INS Kalvari, built in India in partnership with France’s Naval Group (earlier DCNS). (India Navy via Wikimedia)

What are the current projects underway?

Of the six being built, P-75 has delivered three Kalvari Class Scorpene submarines so far. P-75I is yet to take off; the first Request for Information was issued in 2008, then again in 2010, and the Request for Proposal was finally issued in July this year.

The project will be India’s first under the Strategic Partnership Model, which came up in 2015. The government will give the contract to an Indian Strategic Partner, which will then partner with a foreign OEM.

The two selected SPs are MDL and Larsen and Toubro; the five selected OEMs are France’s Naval Group, Germany’s ThyssenKrupp Marine Systems, Russia’s ROE, South Korea’s Daewoo Shipbuilding and Marine Engineering, and Spain’s Navantia. However, bids are yet to be finalised. The earliest that the first submarine under the project can be commissioned will be around 2032, according to experts.

P-75, too, has been delayed. While the first boat should have been commissioned in 2012, it was commissioned in December 2017.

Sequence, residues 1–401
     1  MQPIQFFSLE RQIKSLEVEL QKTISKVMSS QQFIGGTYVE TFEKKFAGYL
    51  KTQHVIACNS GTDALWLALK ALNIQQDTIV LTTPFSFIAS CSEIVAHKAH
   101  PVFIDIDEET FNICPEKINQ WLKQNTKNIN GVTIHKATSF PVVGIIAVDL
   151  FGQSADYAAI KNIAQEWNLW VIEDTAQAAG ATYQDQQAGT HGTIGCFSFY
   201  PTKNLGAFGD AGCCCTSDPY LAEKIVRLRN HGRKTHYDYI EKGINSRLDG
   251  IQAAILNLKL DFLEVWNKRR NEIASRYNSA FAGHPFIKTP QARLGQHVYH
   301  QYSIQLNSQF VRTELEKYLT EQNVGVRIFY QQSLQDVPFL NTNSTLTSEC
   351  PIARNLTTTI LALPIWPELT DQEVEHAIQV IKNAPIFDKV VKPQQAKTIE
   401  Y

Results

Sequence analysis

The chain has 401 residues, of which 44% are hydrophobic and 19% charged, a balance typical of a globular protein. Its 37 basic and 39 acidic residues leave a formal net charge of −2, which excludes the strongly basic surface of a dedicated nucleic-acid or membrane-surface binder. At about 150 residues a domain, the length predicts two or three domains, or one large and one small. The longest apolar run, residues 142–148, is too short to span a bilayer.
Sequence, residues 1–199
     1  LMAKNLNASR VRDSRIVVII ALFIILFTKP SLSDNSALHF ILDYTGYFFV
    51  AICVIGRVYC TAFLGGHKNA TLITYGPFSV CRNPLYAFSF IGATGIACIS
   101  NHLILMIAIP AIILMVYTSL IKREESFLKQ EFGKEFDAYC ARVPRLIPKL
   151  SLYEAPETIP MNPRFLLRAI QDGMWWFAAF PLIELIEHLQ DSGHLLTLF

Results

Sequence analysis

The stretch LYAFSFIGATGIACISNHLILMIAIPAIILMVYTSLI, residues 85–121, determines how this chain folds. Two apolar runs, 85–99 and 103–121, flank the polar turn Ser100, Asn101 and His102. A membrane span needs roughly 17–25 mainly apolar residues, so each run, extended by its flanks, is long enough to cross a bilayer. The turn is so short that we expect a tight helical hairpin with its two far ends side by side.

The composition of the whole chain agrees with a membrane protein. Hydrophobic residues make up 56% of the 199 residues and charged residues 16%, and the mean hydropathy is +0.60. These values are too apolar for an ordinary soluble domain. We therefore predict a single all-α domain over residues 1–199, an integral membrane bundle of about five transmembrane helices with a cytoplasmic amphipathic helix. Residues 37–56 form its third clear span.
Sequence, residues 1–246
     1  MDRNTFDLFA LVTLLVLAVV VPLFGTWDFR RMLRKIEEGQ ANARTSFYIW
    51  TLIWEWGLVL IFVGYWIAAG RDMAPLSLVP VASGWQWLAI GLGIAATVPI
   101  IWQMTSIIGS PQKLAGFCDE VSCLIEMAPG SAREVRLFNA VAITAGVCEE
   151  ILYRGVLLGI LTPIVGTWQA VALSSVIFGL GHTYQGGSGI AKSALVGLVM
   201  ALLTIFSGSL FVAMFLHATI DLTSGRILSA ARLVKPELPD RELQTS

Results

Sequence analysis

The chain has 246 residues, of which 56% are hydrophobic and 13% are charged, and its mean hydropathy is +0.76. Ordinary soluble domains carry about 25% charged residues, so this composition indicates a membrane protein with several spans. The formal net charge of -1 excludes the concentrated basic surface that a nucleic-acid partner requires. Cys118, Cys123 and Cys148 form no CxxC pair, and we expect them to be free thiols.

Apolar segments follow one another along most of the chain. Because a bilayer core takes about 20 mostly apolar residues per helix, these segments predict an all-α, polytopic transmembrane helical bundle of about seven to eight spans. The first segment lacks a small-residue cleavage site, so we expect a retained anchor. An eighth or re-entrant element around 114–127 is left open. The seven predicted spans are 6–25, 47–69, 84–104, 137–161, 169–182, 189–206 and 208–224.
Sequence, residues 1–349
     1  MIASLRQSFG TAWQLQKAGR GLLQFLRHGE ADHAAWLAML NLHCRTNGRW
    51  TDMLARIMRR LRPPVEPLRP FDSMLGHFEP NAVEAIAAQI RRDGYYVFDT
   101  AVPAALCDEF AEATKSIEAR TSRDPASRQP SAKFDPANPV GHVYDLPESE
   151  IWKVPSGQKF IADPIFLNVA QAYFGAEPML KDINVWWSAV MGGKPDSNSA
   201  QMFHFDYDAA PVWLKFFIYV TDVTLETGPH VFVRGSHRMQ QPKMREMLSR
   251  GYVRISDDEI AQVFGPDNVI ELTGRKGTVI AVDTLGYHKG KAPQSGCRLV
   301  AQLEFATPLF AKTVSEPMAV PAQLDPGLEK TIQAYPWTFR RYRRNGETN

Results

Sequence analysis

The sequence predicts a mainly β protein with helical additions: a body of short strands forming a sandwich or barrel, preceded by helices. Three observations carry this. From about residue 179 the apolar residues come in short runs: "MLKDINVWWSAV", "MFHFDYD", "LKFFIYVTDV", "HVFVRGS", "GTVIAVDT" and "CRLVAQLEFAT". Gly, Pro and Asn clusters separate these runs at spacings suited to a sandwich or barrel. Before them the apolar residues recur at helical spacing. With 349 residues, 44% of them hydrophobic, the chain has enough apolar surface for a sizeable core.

What is China’s capability, and why is that a worry for India?

Singh said India needs more submarines for two reasons. “First, we need it for our own maritime security. Second, Chinese are going to be positioning a lot more ships and submarines in the Indian Ocean in the coming years.”

He said China is giving Pakistan eight submarines and four destroyers, which can be used as proxy by China. “We need to handle that very soon, and move on P75I as fast as we can.”

According to a 2020 report by the Pentagon, China currently operates four SSBNs and is fitting two additional hulls. It has six SSNs and, and 50 diesel-powered attack submarines (SSs). According to the report, Chinese Navy will “likely maintain between 65 and 70 submarines through the 2020s, replacing older units with more capable units on a near one-to-one basis”.

China has constructed 12 nuclear submarines in the last 15 years. It is expected to have up to eight SSBNs by 2030, the report said.